No. 4 Kentucky falters in double overtime, loses Champions Classic game against Michigan State 86-77


Jack Weaver

Kentucky Wildcats guard Cason Wallace (22) shoots the ball during the No. 4 Kentucky vs. Michigan State Champions Classic mens basketball game on Tuesday, Nov. 15, 2022, at Gainbridge Fieldhouse in Indianapolis. Michigan State won 86-77 in the second overtime. Photo by Jack Weaver | Staff

Cole Parke, Sports Editor

No. 4 Kentucky mens basketball (2-1) fell apart in double overtime, being defeated by Michigan State 86-77 in the Champions Classic on Tuesday.

The loss saw the Wildcats fall to 1-5 in their last six Champions Classic matchups and 0-2 in their last two overtime games in Gainbridge Fieldhouse, losing in the first round of the 2022 NCAA Tournament against Saint Peter’s in similar fashion.

Despite coming up short in the end, Kentucky led the Spartans for over 33 minutes, only trailing in the game for just over seven minutes. Unfortunately for Kentucky, that seven minutes included the final 1:45.

“I thought these guys fought like heck. When you talk about late-game situations, that’s on me as a coach,” Kentucky head coach John Calipari said. “We just haven’t had our team together to do it (practice late-game scenarios). Lance (Ware) even said to me, ‘Coach, we haven’t worked on this,’ (and it’s) because we haven’t had time and haven’t had the team here.”

The headlines were far from all bad for Kentucky though, with the game also marking the first time this season that the Wildcats were able to play without any starters unable to play.

Returning consensus national player of the year Oscar Tshiebwe made his return from injury while Daimion Collins played his first game since the tragic death of his father one week ago, with both stars making their 2022-2023 season debut against the Spartans, following in the footsteps of Sahvir Wheeler, who returned from injury in Kentucky’s last matchup against Duquesne.

While Collins finished with a modest two points, Tshiebwe picked up right where he left off last season, recording a 22-point-18-rebound double double before fouling out in the first overtime period. “Big O” also recorded four blocks on the night, with momentum heavily shifting following his exit from play.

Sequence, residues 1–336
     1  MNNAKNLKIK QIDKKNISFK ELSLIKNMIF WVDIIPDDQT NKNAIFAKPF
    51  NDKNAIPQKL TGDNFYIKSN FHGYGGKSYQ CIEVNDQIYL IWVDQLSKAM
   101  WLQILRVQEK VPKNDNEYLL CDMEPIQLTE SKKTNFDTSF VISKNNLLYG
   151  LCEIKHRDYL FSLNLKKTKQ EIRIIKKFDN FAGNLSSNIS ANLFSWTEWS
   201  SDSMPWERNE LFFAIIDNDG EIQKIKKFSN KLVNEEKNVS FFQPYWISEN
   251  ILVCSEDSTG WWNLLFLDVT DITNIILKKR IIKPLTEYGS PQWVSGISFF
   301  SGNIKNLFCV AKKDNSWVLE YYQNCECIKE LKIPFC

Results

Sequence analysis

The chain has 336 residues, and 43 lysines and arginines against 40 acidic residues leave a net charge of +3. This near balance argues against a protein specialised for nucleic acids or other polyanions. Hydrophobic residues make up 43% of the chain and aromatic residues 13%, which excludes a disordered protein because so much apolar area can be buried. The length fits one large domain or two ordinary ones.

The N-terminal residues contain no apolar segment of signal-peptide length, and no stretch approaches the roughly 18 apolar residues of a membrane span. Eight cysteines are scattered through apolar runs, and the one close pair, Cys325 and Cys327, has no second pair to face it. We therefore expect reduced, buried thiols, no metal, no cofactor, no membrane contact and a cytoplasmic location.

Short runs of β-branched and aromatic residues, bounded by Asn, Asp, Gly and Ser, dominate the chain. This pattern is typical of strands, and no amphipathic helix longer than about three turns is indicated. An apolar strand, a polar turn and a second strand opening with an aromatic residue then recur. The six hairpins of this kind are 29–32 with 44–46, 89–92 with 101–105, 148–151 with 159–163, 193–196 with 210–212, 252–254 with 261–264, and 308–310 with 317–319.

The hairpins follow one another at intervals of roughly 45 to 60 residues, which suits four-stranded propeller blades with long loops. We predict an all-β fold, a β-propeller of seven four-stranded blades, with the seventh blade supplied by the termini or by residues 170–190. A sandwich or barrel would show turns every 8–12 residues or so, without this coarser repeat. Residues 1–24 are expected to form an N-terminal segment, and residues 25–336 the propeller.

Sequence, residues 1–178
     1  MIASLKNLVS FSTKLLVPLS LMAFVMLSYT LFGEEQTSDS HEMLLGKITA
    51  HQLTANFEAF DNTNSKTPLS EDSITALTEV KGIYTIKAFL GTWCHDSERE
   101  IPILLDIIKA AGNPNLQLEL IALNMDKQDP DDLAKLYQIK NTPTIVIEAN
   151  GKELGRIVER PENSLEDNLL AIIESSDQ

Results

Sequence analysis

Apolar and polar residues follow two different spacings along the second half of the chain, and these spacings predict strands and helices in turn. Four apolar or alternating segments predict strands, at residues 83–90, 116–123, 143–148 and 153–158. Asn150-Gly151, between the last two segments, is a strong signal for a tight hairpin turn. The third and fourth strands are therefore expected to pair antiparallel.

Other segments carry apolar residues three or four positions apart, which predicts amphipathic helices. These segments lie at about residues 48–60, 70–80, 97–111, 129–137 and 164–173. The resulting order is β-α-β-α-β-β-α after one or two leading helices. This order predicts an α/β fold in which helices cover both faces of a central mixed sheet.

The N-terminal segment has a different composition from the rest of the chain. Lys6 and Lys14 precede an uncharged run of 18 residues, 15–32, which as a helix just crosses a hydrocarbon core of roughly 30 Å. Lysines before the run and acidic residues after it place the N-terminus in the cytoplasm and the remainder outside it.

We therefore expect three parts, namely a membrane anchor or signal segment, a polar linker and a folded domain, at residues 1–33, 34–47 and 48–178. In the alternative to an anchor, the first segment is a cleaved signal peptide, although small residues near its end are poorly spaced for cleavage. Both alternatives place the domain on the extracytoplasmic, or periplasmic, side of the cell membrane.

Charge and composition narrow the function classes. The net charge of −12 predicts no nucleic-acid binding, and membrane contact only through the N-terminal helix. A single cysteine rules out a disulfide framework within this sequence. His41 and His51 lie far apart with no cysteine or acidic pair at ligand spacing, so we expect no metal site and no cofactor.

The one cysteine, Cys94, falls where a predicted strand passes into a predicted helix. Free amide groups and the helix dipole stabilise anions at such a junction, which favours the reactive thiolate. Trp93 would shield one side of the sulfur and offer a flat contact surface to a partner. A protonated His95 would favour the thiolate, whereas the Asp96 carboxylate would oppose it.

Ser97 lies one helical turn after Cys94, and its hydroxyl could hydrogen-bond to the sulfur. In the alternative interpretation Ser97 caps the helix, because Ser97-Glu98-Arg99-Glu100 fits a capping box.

“Somebody hit me and asked me, ‘Do you have him (Tshiebwe) on a minute restriction?’ and I said, ‘Yeah, as many as he can play,’” Calipari said. “He was carrying us for a while. There were a couple of things (he could’ve done better), I thought he could have kicked (the ball) out but come on, he can’t do everything.”

It was Michigan State who was tasked with forcing both the first and second overtimes, recording a dunk with under a minute to play both times, seemingly desperate to hang in the game.

That all changed in the second overtime period – without Tshiebwe – as the Spartans out-scored Kentucky 15-6.

By the time the dust had settled, Kentucky shot just 39% from the field on 70 attempts and 28% from beyond the arc.

Typical lock-down 3-point shooters CJ Fredrick and Antonio Reeves went a combined 2-9 from beyond the arc with both players finishing with five points.

The Wildcats also recorded 25 personal fouls in the contest with Tshiebwe fouling out and four other players finishing within foul trouble, three of which were one away from joining Tshiebwe on the bench.

Only two Wildcats, Tshiebwe and Reeves, finished with a positive over/under score, contrasted with only two Spartans finishing with negative over/under scores.

Beyond that, one of the most frustrating metrics for coaches and fans alike following the loss will be Kentucky’s 67% free-throw shooting percentage, with the team leaving eight free points on the court.

“We play veteran teams, we have games coming up against really good veteran teams, you’ve got to finish people off and that means making free throws,” Calipari said. “Like I said, we fought, we battled, we put ourselves in a position to win. They know they missed free-throws; at the end of the day, we have got a good team.”

Now looking for a bounce-back opportunity before having to travel to Spokane, Washington, to face off against No. 2 Gonzaga, Kentucky is set to host South Carolina State on Thursday, Nov. 17, inside Rupp Arena.

“I’m glad we played this game, we learned a lot about our team,” Calipari said. “Here’s what I liked, we couldn’t make threes, yet we were going to win the game. That means you’re doing all the other stuff you need to do. I got a full group of guys that all can play, we’re just gonna go from here.”

Tipoff against the Bulldogs is currently scheduled for 7 p.m. EST and will air live on the SEC Network.